Andy Warhol

Nine Jackies

Not on view



Acrylic, oil, and screenprint on linen

Overall: 60 3/8 × 48 1/4in. (153.4 × 122.6 cm) Overall (each): 16 1/8 × 20 1/16in. (41 × 51 cm)

Accession number

Credit line
Whitney Museum of American Art, New York; gift of The American Contemporary Art Foundation, Inc., Leonard A. Lauder, President

Rights and reproductions
© The Andy Warhol Foundation for the Visual Arts, Inc. / Licensed by Artists Rights Society (ARS), New York


In 1964, Andy Warhol appropriated newspaper photographs of Jacqueline Kennedy for a series of dramatic paintings in which he depicted the moments before and after the assassination of her husband, President John F. Kennedy. The top row of Nine Jackies features a smiling Jackie, the President’s face barely visible to her left. This image stands in juxtaposition to the shot that appears in the painting’s middle row, taken during the ceremony in which Kennedy’s flag-draped coffin was carried to the Capitol, and to the bottom row picture, snapped as a grief-stricken Jackie stood by Lyndon B. Johnson’s side during his swearing-in ceremony. To produce this painting and the others in the series, Warhol photo-mechanically transferred the images of Jackie onto silkscreens, which were then printed onto canvas. The works combine two of his signature themes—celebrities and fatal disasters—yet these closely cropped, voyeuristic newspaper pictures differ from the glossy publicity stills that the artist typically used as the basis for his work. Now embedded in our national consciousness, the images of a bereft widow in the hours and days after her husband’s death reveal emotions that were then rarely seen in public. By using photographs from before and after the event, Warhol created a modern history painting in which the murder of a president is unseen yet tragically present.

Visual Description

This painting, entitledNine Jackies, was made by Andy Warhol in 1964. It examines the public persona of Jacqueline Kennedy before and after the assassination of her husband, President John F. Kennedy. To make it, Warhol pulled images of her directly from the newspaper, carefully cropping them to eliminate everything but Jackie’s image. The painting is hung vertically, measuring five feet tall by four feet wide. It is composed of nine individual screenprints on canvas, organized in three rows of three, each twenty inches tall by sixteen inches wide. Each of the rows of screenprints is a single image repeated three times, so while there are nine rectangles, there are only three different images.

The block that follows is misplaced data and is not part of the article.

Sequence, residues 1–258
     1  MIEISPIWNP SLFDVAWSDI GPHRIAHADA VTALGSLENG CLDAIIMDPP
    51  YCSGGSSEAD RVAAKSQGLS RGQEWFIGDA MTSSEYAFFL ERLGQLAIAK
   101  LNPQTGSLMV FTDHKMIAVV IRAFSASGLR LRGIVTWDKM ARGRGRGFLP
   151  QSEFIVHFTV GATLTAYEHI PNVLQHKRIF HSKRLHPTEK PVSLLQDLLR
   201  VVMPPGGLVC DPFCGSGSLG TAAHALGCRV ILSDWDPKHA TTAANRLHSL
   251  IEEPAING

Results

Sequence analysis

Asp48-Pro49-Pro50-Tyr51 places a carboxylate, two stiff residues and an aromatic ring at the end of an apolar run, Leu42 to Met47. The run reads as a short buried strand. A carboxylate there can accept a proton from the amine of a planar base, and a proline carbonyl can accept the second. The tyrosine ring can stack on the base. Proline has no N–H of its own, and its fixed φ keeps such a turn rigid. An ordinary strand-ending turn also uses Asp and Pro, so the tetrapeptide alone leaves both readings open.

The top row reveals a smiling, happy Jackie, cropped so that only her head and shoulders are visible. The image itself is made of black ink, and the background behind the images in this row is a bright, warm blue. The black ink is a bit blotchy, suggesting newsprint. Jackie looks straight into the camera, smiling broadly. She wears a small pillbox hat that tilts jauntily to the left, while her hair is bouncy and loose. Little can be seen of the background; there is a suggestion of someone standing next to her, possibly the president. This photograph was taken shortly before the assassination.

The second row of images are made up the same sketchy black ink, but the background color is a dull, somber gray. The First Lady appears in front of a man in military uniform; both gaze stoically to the right. This image comes from the president’s funeral; the figures are watching as his coffin was carried into the Capitol. The image reveals Jackie as a public figure very much controlling her emotions throughout this highly publicized ceremony.

The final row of images zooms in even closer to Jackie’s face, photographed at Lyndon B. Johnson’s swearing-in ceremony, shortly after Kennedy was pronounced dead. Once again, the image is printed in black ink, but the background color changes from rectangle to rectangle, from teal to blue and back again. Here her face appears in profile, her perfectly placed bangs obscuring her eyes. However, her hunched posture and slack mouth clearly indicate a moment of deep sadness. By juxtaposing different subtle moods Jackie displayed in the media, Warhol proposes that the viewer understand the national tragedy through the lens of her public persona.